Throughout history it has been a necessary feature in our homes and although fashions have changed with regularity, people have aspired to owning something made from the recent , or not so recent past to remind them principally of their heritage and the craftsmanship of a previous generation.
From the heavy, dark oak of the 17th century through to the wonderful age of walnut which became established during the reign of William and Mary and continued through Queen Anne’s reign into the early Georgian period, to the elegant Regency period in the early 19th century and then the more ornate Victorian era, before entering the 19th century and the flamboyant Edwardian period. On its way incorporating movements such as Arts and Crafts, Art Nouveau and Art Deco. All of these styles and fashions reflected the mood of the time as well as that of the designers and decorators.
The past has always been a source of great value and inspiration to designers. There will always be a natural drive for innovation and change but the best pieces of antique furniture will be able to weather the storm of faddish fashion and economics. It is a great option for contemporary homes with both formal and country styles providing unique pieces appreciated in decorating schemes today. A fine quality antique piece will make a statement in any home and such pieces are beyond hype and fashion.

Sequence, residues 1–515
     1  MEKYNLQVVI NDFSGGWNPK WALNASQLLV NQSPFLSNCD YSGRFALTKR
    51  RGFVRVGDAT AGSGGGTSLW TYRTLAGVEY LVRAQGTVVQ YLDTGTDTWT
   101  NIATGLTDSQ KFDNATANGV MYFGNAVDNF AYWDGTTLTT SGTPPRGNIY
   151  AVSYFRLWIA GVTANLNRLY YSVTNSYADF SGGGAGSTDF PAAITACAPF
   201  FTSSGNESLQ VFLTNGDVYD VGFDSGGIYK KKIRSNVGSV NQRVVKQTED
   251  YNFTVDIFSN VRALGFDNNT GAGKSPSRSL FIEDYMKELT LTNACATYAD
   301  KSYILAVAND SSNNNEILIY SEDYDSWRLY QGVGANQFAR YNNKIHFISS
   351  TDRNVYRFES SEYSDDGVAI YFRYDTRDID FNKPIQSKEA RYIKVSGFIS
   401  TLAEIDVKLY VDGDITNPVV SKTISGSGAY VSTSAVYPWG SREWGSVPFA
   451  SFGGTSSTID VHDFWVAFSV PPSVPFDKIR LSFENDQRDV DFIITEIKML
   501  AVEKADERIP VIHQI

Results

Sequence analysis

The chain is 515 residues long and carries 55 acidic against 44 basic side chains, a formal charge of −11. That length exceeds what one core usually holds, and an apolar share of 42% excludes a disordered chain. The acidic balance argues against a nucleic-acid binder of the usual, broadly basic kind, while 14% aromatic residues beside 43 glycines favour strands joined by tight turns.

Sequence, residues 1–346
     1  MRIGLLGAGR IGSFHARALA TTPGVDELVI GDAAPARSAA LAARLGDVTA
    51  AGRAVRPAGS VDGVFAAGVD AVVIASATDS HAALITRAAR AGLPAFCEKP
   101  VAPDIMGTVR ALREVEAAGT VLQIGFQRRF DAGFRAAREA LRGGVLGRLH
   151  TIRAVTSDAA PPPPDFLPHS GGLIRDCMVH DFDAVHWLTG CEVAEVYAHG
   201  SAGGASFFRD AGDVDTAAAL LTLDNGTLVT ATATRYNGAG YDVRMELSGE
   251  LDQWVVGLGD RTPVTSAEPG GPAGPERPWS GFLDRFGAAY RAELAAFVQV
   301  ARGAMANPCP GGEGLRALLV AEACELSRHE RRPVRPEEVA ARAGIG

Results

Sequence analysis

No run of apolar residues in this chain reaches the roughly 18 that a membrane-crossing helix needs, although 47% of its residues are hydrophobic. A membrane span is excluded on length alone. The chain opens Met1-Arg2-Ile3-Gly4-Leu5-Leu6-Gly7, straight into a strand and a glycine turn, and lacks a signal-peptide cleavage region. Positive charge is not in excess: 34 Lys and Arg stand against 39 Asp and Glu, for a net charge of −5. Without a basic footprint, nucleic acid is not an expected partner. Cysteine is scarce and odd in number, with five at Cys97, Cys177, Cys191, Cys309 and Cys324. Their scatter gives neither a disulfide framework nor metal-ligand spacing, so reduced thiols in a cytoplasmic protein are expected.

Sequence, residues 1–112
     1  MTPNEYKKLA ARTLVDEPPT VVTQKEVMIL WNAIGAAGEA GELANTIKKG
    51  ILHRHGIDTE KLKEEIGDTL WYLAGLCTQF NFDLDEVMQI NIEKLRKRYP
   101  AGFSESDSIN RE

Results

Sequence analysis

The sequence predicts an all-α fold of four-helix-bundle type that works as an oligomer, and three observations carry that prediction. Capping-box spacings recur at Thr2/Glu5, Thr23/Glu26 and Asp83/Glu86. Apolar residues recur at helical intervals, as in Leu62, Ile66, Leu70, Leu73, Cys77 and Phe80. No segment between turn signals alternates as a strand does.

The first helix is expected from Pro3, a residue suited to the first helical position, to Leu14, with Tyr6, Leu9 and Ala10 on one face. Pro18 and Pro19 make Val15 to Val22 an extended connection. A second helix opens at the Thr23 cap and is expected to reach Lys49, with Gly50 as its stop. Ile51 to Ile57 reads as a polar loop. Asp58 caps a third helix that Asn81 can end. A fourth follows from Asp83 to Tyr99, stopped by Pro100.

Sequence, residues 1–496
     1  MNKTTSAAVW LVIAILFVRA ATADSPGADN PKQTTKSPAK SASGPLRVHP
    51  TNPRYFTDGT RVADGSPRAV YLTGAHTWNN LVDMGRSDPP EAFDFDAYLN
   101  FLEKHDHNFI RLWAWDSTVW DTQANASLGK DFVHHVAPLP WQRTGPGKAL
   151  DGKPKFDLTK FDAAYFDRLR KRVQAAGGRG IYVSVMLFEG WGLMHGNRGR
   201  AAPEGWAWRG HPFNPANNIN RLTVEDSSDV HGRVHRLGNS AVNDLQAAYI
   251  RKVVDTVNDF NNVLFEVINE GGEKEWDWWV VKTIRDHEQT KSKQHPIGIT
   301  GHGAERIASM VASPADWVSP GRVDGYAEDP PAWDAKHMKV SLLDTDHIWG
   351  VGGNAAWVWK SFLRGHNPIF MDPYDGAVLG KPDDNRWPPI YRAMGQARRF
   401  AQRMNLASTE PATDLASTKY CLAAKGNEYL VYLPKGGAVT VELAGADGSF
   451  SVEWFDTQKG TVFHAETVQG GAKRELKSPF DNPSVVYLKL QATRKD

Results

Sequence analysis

Of course beauty is in the eye of the beholder and the experience of the search and find process is hard work but fun, drawing on a multitude of relationships, places and events. This is why it is advisable to strike up a good relationship with a dealer whose expertise and eye you can trust to steer you towards what is right for your home or collection. Just one piece of antique furniture shown in a different light can pull a whole interior together and regardless of whether the home is modern or traditional, if well chosen, will work in any space.
Once you have established what period or style pleases you most in terms of design and wood, then the next step is to look for pieces which are well made and be guided by the craftsmanship, colour and patination. If the piece is aesthetically pleasing and you feel it will give you pleasure to look at every day then this is an excellent starting point as the pleasure you derive from it in the future will be your investment.
It does not matter if it is a piece of early carved oak, a simple piece of country furniture, an intricate ormulu mounted piece inlaid with marquetry or a fine museum quality piece (sometimes signed but usually defined by attribution) by a well known cabinet maker such as Chippendale, Adam, Hepplewhite, Sheraton, Hope, Smith, Bullock or Pugin, if it pleases you and your pocket allows, then you can do no better than to acquire it.
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